Making the Most of Where You Are

It isn’t easy to get that first assistant principal job, particularly if you are trying to move up in the district you are already a part of. There are some advantages when trying to move up where you currently work, but there are some definite difficulties when it comes to getting to the next rung on the ladder you are already climbing.

Here are three things to consider when trying to obtain your first assistant principal job in your current school district.

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Know where you want to be.

So many people make the mistake of applying for every leadership job that becomes available. The message you send might be that you don’t really know what you want to be when you grow up or that you really don’t know where you fit into the organization. These mixed messages may come across as desperation to get out of the classroom or out of your current role. This is NOT where you want to be! Your leaders want to know that you are solid, have goals, and are working to accomplish them. It is important to make sure the message you present is that you have thought about your future and have a plan of action to get where you want to be. 

They know you, and they KNOW you!

The best thing about trying to move up where you currently work is that your leadership team knows you. The worst thing about trying to move up where you currently work is that your leadership team knows you – warts and all. It might not seem fair, but once you declare that you are trying to take the next step, “they” are watching you. They watch how you interact with kids, parents, and other professionals. They are watching to see how you set yourself apart, and unfortunately, they are watching to see if you will fail.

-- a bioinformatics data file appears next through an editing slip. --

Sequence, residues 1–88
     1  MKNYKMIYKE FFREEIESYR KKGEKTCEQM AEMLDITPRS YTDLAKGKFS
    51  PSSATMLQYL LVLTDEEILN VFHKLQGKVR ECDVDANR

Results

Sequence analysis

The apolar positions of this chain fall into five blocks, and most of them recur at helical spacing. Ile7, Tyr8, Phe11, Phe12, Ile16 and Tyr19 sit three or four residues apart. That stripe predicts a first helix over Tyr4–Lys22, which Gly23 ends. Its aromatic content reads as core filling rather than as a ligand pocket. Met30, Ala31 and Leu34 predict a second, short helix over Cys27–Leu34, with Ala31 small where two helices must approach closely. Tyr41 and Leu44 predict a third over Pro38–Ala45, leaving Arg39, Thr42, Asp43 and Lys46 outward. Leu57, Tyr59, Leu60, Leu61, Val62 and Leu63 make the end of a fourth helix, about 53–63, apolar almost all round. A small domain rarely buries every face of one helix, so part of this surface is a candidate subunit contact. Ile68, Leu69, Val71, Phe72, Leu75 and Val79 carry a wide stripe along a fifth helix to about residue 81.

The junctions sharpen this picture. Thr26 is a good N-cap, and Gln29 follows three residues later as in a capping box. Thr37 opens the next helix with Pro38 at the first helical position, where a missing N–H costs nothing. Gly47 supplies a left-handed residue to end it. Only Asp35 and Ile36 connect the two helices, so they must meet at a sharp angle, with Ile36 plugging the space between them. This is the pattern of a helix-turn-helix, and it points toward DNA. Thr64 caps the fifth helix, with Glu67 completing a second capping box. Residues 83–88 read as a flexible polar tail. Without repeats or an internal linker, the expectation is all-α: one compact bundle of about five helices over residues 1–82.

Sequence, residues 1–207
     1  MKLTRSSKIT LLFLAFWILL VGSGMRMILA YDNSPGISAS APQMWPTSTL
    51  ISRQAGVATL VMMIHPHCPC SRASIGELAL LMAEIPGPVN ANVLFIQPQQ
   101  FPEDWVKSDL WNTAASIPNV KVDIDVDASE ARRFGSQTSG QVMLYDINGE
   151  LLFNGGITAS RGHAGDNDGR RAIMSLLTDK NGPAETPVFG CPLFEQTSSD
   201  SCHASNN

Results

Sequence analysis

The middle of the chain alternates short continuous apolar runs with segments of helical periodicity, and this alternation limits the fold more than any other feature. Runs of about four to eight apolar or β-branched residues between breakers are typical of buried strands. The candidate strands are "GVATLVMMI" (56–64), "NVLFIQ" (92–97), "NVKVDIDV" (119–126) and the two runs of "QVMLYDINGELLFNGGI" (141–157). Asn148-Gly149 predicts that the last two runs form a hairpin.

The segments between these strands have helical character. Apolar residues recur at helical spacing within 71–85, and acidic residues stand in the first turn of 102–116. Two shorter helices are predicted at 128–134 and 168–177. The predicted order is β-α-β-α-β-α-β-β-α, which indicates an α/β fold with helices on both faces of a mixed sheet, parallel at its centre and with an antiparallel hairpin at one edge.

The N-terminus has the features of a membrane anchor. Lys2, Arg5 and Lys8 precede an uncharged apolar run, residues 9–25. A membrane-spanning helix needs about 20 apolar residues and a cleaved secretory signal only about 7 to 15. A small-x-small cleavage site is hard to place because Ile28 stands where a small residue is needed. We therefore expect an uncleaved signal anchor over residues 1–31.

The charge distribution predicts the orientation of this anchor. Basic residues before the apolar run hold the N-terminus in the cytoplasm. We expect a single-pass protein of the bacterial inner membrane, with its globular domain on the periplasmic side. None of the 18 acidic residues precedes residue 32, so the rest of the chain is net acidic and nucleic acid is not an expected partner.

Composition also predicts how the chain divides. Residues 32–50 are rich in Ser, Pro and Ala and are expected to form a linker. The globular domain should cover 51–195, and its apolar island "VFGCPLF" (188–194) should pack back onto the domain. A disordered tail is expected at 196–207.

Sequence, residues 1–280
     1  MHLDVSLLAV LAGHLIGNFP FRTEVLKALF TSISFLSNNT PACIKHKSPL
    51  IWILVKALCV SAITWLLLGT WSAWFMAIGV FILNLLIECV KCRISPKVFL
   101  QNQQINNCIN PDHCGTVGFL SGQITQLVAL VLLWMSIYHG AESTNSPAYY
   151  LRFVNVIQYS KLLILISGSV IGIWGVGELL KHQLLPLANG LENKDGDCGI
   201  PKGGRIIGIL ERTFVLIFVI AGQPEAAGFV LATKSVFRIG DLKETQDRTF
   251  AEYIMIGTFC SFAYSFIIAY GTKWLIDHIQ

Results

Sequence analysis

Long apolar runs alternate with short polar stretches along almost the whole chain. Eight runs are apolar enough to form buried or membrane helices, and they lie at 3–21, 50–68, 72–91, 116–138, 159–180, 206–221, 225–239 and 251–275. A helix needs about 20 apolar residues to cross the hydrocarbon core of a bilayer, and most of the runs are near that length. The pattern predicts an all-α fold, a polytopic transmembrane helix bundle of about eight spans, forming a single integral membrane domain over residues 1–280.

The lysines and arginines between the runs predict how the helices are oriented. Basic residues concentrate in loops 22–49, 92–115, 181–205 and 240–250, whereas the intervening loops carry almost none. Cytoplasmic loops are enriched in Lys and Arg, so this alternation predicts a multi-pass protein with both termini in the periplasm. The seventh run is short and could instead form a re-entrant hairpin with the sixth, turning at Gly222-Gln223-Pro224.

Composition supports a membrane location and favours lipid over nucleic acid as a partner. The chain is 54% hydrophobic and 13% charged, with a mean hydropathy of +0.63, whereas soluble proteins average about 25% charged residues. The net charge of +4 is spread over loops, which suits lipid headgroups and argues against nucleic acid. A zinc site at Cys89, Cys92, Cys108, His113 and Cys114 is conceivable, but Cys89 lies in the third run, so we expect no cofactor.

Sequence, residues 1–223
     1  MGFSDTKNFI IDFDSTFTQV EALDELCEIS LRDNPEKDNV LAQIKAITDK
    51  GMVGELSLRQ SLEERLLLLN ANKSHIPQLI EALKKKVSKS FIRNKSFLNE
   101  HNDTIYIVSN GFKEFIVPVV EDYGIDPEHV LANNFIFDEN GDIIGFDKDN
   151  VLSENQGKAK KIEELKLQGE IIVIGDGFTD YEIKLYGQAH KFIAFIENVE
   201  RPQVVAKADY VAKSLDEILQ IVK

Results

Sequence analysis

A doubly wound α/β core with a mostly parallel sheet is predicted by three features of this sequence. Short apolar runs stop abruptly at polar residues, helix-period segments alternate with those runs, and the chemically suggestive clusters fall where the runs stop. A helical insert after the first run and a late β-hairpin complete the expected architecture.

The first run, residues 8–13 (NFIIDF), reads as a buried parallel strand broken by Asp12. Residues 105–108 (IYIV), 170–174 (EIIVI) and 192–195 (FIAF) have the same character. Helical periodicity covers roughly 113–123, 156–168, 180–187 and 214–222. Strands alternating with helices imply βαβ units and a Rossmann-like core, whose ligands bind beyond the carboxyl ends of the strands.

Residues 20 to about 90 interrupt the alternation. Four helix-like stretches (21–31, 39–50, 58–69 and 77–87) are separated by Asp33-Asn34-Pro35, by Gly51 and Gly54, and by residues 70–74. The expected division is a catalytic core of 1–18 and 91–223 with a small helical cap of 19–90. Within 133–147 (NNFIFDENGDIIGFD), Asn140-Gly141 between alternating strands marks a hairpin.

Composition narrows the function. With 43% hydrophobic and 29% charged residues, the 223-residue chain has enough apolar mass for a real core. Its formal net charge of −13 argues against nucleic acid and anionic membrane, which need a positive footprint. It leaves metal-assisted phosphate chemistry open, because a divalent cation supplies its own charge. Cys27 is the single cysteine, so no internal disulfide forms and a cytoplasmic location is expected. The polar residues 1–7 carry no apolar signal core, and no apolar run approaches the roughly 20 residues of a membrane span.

Failure isn’t always fatal, but how you react to it might be! For instance, how did you react the first time you applied for a job and didn’t get it? Did you go into radio silence, or did you come out swinging, ready to learn something new? I have been in multiple discussions with leaders from several different districts, and this is absolutely something they are watching. What you do in your worst moment (failing to get that coveted job) indicates how you will react when the pressure is on.

Fit really is a thing.

I have applied for jobs where I was told I just wasn’t the right fit. I can remember the disappointment and discouragement I felt when those words were uttered. It felt like a cop-out and an easy way to get me out of the office without giving me actual feedback. We all want to believe that we can work in any circumstance with anybody, but the reality is we have a place where we fit best. There is a place that needs the talents we can offer. When your talents or gifts match the needs of the position, the fireworks go off, the confetti gets tossed in the air, and everyone goes home a winner!

Here is hoping your next interview ends with a huge fireworks display that would make the Fourth of July envious!


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